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JavaOne 2010: Article Roundup
by Eric Armstrong
September 23, 2010
This umbrella article encompasses newsworthy items gleaned from the show, with pointers to the content pieces.


The good news (sort of) is that this has been the most relaxing JavaOne ever, because there are so few sessions I really want to see. Usually, I'm racing from session to session, scribbling notes during the sessions, writing up articles in the evening, finishing them the next morning, and then doing it all over again the next day. After a week of that, I'm a wreck.

So for better or worse, I've had time to dive into things more deeply than in years past. As a result, these posts are about 1/2 content from the talks, and 1/2 additional related content to provide context, background, or explanation.


  1. A few weeks ago, I wondered if generics were going to be the death of Java. But today, I began to wonder if Oracle might just manage to do it in a lot more quickly. That particular tirade is under Trials and Tribulations.

  2. Despite the difficulties, though, I managed to glean some good information. In Upcoming Java Features I mention some things coming up in the Java language that look pretty cool --and some that sounded a lot cooler on paper, before I got a look at them.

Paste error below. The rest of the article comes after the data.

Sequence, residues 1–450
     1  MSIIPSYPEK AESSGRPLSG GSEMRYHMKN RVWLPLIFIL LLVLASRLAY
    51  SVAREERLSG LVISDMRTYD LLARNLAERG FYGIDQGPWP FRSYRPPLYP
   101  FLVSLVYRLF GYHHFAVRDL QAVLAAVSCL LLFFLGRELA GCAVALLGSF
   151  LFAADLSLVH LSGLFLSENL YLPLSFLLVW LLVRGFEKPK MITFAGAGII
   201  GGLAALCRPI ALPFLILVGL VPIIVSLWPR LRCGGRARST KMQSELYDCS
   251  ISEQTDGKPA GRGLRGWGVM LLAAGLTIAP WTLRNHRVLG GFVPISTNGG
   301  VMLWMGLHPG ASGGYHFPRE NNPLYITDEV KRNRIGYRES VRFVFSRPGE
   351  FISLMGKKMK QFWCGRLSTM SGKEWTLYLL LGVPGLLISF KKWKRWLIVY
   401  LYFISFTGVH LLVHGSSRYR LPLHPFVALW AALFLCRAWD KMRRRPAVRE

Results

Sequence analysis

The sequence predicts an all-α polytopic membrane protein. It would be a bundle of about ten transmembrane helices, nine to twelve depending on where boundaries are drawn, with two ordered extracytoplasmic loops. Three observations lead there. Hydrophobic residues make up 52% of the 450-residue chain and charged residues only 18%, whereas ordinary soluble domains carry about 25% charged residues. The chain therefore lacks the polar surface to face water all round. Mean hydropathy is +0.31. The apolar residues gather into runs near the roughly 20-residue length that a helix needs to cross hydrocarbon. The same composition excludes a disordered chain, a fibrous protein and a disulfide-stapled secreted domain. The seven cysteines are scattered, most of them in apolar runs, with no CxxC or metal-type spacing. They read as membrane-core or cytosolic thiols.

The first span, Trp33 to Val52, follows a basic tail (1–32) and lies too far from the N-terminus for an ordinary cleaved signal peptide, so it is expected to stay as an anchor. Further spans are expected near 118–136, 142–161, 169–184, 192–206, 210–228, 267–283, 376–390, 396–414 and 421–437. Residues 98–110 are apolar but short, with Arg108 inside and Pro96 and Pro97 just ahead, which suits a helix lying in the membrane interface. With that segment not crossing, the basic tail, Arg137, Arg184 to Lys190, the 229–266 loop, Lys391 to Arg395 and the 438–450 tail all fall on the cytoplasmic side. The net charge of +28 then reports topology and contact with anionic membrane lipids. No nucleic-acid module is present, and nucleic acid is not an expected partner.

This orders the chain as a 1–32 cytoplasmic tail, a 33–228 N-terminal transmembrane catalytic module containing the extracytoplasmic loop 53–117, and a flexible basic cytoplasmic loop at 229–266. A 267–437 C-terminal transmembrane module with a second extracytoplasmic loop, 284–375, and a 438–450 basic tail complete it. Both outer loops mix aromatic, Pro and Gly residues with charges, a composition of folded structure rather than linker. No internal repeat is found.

3. In Functional Programming, from Java to Scala, I recount a terrific talk by Dick Wall that showed how to do serious functional programming in Java, explained when and why you might want to do that, and showed how much easier it is to do in Scala. Then he listed a bunch of Scala features I happen to love from JRuby, including DSLs and closures, and all kinds of stuff. So I have to admit that my interest is seriously piqued.

It looks like the only things left are out are the massively dangerous/powerful things you get from a totally dynamic language, where the class you're using at one point in the program could be completely rewritten at a later point. That kind of flexibility comes with serious tradeoffs, so I'm inclined to think that Scala may be in the ideal "sweet spot", where you have power and flexibility at one of the spectrum, safety and readability at the other, and Scala managing to come up with the ideal object-oriented, functional programming language. I've been wishing for "Ruby without the Perlisms" for a while now. Dick's talk makes me think that Scala just might be it.

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About the Blogger

Eric Armstrong has been programming and writing professionally since before there were personal computers. His production experience includes artificial intelligence (AI) programs, system libraries, real-time programs, and business applications in a variety of languages. He works as a writer and software consultant in the San Francisco Bay Area. He wrote The JBuilder2 Bible and authored the Java/XML programming tutorial available at Eric is also involved in efforts to design knowledge-based collaboration systems.

This weblog entry is Copyright © 2010 Eric Armstrong. All rights reserved.

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